• Boston: Word of God is he intentionally presents a version of the city that's more in line with how it was when he was growing up, and the modern Boston is actually nowhere near as bad as portrayed in his books, in part thanks to the "Boston Miracle" in the 1990s that drastically reduced violent crime.
  • Brother–Sister Incest: In Prayers for Rain the Big Bad actually brags about the fact that he's engaged in this with the murder victim, his sister Karen. Except he's not actually his victim's brother and is only posing as him.
  • Bully Hunter: Both Patrick and Angie, particularly in Moonlight Mile; it's part of what makes Patrick a poor fit for the big-shot security agency he's been doing investigations for, as it requires him to work for Corrupt Corporate Executive types that he finds repulsive.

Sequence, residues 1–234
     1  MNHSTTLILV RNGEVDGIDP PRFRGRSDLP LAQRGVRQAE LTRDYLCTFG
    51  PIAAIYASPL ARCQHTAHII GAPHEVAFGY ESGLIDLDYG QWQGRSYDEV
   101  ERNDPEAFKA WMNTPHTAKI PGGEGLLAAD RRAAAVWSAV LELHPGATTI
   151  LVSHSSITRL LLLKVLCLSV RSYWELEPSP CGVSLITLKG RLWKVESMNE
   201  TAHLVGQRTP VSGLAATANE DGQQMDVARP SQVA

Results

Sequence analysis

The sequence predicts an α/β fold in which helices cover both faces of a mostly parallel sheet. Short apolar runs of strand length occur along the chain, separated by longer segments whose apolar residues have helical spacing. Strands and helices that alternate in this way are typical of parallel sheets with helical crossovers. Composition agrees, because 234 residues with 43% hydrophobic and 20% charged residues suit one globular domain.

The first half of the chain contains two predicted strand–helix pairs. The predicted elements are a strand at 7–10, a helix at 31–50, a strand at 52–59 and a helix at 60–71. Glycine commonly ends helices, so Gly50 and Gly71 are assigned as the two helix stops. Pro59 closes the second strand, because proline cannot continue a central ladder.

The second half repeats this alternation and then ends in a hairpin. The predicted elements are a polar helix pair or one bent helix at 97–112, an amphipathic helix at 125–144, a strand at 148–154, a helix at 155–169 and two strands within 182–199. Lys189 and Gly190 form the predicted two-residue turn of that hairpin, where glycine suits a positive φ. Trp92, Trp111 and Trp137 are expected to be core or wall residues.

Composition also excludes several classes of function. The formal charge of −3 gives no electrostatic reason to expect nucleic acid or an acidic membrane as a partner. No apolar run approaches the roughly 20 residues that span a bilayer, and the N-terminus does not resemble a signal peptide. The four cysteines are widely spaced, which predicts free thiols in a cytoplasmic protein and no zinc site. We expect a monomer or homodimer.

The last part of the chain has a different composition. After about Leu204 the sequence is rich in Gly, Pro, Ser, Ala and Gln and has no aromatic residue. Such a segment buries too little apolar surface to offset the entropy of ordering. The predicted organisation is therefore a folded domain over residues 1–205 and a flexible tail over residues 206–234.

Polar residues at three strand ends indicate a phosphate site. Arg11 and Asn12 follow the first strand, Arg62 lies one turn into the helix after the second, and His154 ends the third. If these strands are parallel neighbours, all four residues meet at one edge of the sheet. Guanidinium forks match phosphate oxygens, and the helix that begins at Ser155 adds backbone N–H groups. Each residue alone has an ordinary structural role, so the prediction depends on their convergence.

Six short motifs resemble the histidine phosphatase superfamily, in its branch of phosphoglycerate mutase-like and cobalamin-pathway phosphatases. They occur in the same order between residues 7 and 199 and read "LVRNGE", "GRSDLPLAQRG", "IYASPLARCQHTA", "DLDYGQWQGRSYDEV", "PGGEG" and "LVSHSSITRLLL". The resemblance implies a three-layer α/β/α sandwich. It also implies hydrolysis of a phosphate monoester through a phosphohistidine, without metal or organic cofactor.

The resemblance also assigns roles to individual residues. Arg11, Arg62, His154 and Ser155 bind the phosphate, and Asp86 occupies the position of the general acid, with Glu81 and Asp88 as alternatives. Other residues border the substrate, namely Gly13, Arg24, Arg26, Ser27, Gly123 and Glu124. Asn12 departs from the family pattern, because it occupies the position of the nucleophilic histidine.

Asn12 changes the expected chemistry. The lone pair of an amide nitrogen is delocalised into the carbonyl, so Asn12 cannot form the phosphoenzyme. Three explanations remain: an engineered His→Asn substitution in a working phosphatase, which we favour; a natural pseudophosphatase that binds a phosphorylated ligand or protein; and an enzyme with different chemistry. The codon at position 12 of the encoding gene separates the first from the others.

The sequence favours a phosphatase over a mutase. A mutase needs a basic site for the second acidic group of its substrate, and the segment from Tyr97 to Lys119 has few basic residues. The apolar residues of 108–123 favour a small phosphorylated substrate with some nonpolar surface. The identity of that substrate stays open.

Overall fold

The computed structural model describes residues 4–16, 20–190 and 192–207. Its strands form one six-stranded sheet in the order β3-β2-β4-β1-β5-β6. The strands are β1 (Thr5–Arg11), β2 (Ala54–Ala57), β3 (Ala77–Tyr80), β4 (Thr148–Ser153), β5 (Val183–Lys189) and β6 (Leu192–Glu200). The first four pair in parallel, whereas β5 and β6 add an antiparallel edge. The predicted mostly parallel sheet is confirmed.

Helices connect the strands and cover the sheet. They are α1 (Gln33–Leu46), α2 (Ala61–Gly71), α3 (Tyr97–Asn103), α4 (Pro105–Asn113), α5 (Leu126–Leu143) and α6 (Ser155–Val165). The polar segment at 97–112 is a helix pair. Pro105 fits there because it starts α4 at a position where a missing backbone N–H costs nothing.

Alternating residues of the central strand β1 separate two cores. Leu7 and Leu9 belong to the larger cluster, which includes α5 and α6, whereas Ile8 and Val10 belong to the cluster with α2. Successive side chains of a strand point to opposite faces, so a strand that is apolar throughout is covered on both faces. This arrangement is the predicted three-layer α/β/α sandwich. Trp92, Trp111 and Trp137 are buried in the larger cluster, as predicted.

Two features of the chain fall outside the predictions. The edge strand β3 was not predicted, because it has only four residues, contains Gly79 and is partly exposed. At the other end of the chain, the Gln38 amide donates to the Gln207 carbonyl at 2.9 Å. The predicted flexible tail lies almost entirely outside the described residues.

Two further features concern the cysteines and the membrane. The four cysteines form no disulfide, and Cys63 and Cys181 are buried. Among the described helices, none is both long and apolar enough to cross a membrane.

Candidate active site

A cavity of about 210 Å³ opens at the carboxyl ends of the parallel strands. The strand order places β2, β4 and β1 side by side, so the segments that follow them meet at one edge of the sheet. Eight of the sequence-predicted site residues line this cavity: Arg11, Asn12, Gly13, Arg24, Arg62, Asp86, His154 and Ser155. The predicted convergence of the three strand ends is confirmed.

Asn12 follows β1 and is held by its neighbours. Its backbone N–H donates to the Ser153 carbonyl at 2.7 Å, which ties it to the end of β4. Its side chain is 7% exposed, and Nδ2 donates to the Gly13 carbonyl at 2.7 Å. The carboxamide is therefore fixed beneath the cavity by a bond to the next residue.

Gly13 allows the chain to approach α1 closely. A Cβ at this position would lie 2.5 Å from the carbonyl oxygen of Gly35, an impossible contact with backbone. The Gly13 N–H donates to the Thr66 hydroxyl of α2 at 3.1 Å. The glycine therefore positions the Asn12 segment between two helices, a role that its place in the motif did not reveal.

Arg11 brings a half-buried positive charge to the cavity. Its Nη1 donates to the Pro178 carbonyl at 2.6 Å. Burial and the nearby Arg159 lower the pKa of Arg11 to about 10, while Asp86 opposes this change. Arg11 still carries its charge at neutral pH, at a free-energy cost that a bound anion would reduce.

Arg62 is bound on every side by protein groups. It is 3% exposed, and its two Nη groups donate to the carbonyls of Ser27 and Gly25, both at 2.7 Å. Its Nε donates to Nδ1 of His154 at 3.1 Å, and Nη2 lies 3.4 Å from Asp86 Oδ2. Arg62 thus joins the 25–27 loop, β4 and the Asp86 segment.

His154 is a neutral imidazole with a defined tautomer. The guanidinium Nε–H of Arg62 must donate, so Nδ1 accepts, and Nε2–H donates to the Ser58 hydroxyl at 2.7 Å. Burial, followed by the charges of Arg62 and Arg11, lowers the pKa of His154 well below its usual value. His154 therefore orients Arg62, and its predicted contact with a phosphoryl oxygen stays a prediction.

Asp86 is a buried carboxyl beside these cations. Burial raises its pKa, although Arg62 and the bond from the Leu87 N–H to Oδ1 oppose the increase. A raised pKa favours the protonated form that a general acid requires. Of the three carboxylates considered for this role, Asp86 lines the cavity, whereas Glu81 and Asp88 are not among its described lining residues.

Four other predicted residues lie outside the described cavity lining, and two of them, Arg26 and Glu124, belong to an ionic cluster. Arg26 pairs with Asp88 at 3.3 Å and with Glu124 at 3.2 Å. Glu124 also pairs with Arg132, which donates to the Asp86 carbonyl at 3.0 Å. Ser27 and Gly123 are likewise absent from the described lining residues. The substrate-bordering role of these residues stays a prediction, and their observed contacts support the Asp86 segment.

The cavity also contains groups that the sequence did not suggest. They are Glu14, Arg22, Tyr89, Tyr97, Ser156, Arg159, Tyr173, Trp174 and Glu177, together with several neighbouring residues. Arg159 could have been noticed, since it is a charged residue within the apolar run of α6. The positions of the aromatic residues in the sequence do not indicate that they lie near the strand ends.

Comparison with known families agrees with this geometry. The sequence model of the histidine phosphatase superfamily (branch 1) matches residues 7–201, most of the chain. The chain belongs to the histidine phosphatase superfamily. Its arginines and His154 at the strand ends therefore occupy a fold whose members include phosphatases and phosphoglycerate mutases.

• Chekhov's Gun: In Moonlight Mile Amanda's No. 19 Red Sox Jersey proves to be this, since it's the jersey of player Josh Beckett and the town where Amanda was taken in the Berkshires during her first disappearance is called Becket, where Patrick and Angie eventually find her the second time.
    • The "one-shot", essentially a miniature bomb packed with a bullet, that Patrick takes to his confrontation with Gerry Glynn in Darkness, Take My Hand, which ends up saving his life and allowing the police to shoot Gerry.
  • Chekhov's Gunman: Angie’s grandfather, a Mafia boss and associate of The Don of Boston, "Fat Freddy" Constantine, in the second book. Angie uses her connections with him to capture and interrogate the mob flunkies who know the killer’s identity.
  • Chekhov's Skill: One of the FBI agents in the second book briefly mentions that he's a literary buff. Because of this, he's able to recognize all of the subtle references to Othello in the killer's notes. This saves Patrick's life in his final confrontation with the killer. It turns out that "Iago" is a codeword that signals his dog to attack.